Awkward & Uncomfortable
Rivers Cuomo, frontman of the rock group Weezer, and Scott Murphy of pop punk band Allister have come together in スコット と リバース (Scott and Rivers), the debut album for their two-piece of the same name, to perform Japanese language, with the occasional English chorus, in power-pop style and it all just feels a bit off. While this is not Scott Murphy’s first foray into J-pop, two white guys singing in Japanese is all but guaranteed to be an awkward, off-putting flop and that’s what they’ve given us. Their pop “punk” backgrounds and whiny voices don’t fit the sound they seem to be going for, and while it’s possible that they could mature into their sound, at the rate they’re going that’s probably unlikely.
Scott & Rivers opens with the track “Break Free,” one of the first singles from the record, which has combined cheesy, television-commercial keyboards and a completely unoriginal vocal style that sets the lackluster tone for the rest of the album. “おかしいやつ”” just sounds like a Weezer song that’s been turned into a Japanese language karaoke track. It’s not exactly a great mix, and that disjointedness follows Scott & Rivers all the way to the final song, “君と二人で.”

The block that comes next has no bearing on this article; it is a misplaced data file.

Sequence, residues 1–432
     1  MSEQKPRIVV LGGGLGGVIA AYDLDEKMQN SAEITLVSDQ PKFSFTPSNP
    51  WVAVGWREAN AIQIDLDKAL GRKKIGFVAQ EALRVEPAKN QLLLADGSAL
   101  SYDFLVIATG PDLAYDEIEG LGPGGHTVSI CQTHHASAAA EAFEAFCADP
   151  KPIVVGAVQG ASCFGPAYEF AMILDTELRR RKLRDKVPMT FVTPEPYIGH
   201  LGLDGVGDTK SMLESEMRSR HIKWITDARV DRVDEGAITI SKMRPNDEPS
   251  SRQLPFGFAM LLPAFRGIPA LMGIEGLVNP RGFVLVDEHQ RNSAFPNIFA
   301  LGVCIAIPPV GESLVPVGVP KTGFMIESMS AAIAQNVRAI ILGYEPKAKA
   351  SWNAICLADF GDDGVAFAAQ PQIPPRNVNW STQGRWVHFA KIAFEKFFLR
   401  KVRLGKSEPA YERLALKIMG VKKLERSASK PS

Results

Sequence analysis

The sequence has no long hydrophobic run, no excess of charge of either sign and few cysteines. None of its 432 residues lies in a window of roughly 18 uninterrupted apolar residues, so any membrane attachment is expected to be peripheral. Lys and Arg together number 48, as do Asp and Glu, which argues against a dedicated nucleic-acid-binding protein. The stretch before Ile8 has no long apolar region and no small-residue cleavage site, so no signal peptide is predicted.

It’s possible that fans of Allister, Weezer and Rivers Cuomo in general may actually really like this record, since it just sounds like the singers of both of those bands putting their own music alongside Japanese lyrics, but anyone who’s not interested in that uncomfortable combination would do best to steer away. It’s not clear if Scott & Rivers is to be a permanent side project, but considering their success in Japan and elsewhere so far, and their dwindling relevance of their other bands, they could be around for a while– and they might want to work on making their sound blend a little bit more if they want any longevity.